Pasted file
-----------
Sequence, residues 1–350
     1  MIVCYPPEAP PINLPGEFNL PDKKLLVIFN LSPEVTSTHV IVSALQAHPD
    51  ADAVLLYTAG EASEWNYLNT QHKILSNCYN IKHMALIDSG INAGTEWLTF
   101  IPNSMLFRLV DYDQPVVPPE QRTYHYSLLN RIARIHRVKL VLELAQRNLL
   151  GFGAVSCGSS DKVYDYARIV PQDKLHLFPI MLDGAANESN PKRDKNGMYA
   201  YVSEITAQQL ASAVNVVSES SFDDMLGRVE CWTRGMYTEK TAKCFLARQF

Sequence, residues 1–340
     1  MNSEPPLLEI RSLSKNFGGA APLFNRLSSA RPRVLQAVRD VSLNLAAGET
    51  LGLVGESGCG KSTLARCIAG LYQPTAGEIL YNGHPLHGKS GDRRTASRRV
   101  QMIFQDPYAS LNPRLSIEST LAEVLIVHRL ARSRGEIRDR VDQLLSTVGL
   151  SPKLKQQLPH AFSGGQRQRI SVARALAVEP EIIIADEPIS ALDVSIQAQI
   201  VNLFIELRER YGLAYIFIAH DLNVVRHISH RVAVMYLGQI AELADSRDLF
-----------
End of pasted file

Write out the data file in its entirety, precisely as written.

Sequence, residues 1–350
     1  MIVCYPPEAP PINLPGEFNL PDKKLLVIFN LSPEVTSTHV IVSALQAHPD
    51  ADAVLLYTAG EASEWNYLNT QHKILSNCYN IKHMALIDSG INAGTEWLTF
   101  IPNSMLFRLV DYDQPVVPPE QRTYHYSLLN RIARIHRVKL VLELAQRNLL
   151  GFGAVSCGSS DKVYDYARIV PQDKLHLFPI MLDGAANESN PKRDKNGMYA
   201  YVSEITAQQL ASAVNVVSES SFDDMLGRVE CWTRGMYTEK TAKCFLARQF

Sequence, residues 1–340
     1  MNSEPPLLEI RSLSKNFGGA APLFNRLSSA RPRVLQAVRD VSLNLAAGET
    51  LGLVGESGCG KSTLARCIAG LYQPTAGEIL YNGHPLHGKS GDRRTASRRV
   101  QMIFQDPYAS LNPRLSIEST LAEVLIVHRL ARSRGEIRDR VDQLLSTVGL
   151  SPKLKQQLPH AFSGGQRQRI SVARALAVEP EIIIADEPIS ALDVSIQAQI
   201  VNLFIELRER YGLAYIFIAH DLNVVRHISH RVAVMYLGQI AELADSRDLF